By: Barbara Harmon, Assistant Editor
Fred Bailey will be speaking at Volunteer State Community College for Unity Day on Jan. 27 in the Caudill Auditorium at 12:45 p.m.
Bailey is the founder of Children Are People, Inc. (CAP), located in Gallatin.
“As one of fifteen children of sharecroppers from Gallatin, Tennessee, Fred was born without the gift of full sight,” the Children Are People website (childrenarepeopletn.org) wrote.
“Despite an intimate relationship with disadvantage, he received a Bachelor’s degree from Tennessee State University, worked at General Electric and served as a middle school and high school wrestling coach,” the website noted.
Unity Day is a Vol State event that leads up to Black History Month and encourages the unity of all people.
“It always follows after Dr. Martin Luther King Jr. Day and we host this event to bring enlightenment about Black History Month,” said Dr. Kenny Yarbrough, Director of Student Life and Diversity Initiatives.
“I hope students, faculty and staff will gain insight and enlightenment on black history as well as see a living testament of someone who is not just making black history, but history in general.
“Students will gain first-hand knowledge of the plight and accomplishments of our speaker, Mr. Fred Bailey, who is a renowned business man and motivational speaker from Gallatin,” said Yarbrough.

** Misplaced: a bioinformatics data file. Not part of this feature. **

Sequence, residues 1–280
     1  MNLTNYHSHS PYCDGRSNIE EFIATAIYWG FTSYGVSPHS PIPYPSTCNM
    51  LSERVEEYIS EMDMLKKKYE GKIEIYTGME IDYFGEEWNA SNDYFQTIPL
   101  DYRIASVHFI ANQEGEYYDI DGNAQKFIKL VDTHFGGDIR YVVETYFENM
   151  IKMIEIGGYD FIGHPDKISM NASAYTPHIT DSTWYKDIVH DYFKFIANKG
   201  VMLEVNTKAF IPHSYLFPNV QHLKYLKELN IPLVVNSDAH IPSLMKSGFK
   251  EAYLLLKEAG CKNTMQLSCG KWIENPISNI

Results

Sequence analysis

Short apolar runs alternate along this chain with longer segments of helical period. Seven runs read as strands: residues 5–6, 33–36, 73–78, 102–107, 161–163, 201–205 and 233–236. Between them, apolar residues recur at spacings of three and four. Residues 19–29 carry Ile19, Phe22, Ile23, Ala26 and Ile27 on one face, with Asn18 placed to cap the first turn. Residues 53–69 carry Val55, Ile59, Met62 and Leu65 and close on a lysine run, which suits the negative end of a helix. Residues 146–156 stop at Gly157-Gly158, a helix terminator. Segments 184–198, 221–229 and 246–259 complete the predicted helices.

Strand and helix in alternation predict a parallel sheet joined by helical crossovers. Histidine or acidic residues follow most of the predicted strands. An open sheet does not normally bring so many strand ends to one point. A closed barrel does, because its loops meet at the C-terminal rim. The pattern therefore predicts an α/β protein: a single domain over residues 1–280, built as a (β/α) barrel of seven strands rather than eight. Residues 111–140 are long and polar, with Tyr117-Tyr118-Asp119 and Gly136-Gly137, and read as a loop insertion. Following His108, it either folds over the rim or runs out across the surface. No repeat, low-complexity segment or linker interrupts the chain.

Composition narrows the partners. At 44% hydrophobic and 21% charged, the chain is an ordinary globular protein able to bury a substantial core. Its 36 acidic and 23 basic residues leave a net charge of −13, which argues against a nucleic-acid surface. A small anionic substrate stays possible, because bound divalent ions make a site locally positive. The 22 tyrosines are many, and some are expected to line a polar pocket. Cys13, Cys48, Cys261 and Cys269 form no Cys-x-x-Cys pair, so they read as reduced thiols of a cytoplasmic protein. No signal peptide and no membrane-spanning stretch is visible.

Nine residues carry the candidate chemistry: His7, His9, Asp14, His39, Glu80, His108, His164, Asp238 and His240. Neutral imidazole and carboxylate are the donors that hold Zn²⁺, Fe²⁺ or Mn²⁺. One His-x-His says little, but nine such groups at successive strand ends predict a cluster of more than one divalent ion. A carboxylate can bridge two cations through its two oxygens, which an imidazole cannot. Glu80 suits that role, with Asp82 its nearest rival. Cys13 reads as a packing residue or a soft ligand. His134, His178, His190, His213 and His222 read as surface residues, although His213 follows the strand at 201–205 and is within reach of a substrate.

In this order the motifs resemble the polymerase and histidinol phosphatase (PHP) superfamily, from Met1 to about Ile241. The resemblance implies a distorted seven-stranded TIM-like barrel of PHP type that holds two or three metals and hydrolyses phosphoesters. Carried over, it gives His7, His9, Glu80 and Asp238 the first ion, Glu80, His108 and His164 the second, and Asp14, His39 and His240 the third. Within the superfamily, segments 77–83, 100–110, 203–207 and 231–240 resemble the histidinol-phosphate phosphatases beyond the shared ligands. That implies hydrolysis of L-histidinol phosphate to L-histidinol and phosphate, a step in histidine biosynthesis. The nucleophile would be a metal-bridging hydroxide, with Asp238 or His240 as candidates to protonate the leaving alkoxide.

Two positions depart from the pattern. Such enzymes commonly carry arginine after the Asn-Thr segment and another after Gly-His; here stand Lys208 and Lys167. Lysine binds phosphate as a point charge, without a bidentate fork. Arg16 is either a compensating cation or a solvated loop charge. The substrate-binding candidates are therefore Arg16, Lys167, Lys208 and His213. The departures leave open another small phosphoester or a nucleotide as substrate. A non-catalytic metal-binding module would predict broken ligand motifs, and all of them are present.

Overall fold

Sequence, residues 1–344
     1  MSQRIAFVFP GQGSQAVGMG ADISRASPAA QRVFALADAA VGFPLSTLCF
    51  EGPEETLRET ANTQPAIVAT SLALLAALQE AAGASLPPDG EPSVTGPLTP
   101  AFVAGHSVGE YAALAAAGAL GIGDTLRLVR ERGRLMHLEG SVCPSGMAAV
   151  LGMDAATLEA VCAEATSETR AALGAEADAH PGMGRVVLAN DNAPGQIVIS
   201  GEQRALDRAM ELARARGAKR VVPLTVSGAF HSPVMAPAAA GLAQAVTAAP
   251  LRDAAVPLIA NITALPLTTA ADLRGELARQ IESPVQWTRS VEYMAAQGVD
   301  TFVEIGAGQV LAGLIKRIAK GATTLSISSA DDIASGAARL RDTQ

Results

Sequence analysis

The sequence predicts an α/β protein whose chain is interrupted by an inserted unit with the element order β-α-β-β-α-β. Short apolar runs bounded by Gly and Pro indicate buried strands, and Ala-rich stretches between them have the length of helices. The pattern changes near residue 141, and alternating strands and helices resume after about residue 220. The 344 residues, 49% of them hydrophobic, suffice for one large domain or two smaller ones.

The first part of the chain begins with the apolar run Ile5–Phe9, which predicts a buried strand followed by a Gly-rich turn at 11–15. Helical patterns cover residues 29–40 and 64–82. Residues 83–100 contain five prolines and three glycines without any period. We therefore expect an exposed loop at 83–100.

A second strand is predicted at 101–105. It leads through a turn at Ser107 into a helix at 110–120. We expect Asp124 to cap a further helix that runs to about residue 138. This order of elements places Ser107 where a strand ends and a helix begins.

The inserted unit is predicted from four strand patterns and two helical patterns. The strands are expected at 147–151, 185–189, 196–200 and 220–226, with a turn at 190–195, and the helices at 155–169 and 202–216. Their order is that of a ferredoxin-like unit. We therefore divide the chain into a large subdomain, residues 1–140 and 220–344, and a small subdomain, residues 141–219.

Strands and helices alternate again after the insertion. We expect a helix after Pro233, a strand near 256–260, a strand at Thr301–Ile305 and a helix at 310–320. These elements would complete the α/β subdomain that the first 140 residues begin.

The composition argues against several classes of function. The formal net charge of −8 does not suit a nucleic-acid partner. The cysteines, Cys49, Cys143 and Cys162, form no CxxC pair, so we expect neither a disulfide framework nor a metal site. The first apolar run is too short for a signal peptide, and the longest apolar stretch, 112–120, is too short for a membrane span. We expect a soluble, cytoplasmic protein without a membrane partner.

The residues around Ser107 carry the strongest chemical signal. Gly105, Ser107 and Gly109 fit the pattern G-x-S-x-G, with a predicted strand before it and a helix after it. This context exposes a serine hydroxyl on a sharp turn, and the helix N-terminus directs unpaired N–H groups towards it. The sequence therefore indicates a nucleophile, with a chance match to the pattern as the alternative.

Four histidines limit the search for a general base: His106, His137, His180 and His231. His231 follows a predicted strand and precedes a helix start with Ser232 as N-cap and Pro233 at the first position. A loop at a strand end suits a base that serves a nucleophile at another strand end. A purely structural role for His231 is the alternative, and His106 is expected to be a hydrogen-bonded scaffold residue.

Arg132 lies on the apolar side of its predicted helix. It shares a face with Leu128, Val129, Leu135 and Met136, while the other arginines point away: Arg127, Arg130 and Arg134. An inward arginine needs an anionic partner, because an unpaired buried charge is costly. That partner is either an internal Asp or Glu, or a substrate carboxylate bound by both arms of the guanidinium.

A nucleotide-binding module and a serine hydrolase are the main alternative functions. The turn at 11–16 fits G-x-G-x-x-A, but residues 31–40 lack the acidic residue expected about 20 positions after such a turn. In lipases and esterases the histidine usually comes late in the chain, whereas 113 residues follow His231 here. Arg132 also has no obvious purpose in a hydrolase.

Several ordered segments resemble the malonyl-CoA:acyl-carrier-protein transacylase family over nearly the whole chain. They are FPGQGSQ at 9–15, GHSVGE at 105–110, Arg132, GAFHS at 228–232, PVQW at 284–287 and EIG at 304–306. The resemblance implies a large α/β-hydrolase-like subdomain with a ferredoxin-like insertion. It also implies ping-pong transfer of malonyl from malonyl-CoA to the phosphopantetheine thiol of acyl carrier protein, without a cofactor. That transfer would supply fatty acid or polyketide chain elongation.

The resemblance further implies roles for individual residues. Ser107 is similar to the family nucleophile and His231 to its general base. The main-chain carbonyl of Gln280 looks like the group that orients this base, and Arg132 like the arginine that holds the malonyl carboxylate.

Bailey started CAP as an after-school program to help children succeed.
Yarbrough went on to say that students would hear about Bailey’s struggles and how he overcame them to help his community.
The office of Student Life and Diversity Initiatives annually sponsors unity Day in January.
“I feel like more students should attend Unity Day,” said Kat Lambert, a sophomore at Vol State.
“I believe that it is important for students to learn all history, because it is our past and it shows how far America has come as a nation,” said Lambert.
Students wanted to encourage others to attend this event at Vol State and express its significance.
“It is important for students to show up to events like Unity Day because with politics and racial profiling issues and all the controversy of the last year.”
“It is important to remember we, as college students, are all people with the same goal of furthering our life through higher education,” said Autumn Finley, student at Vol State.
“While there are many differences between Vol State students’ races and social and economic classes and cultures, we still have a united common goal. It puts things in perspective,” Finley said.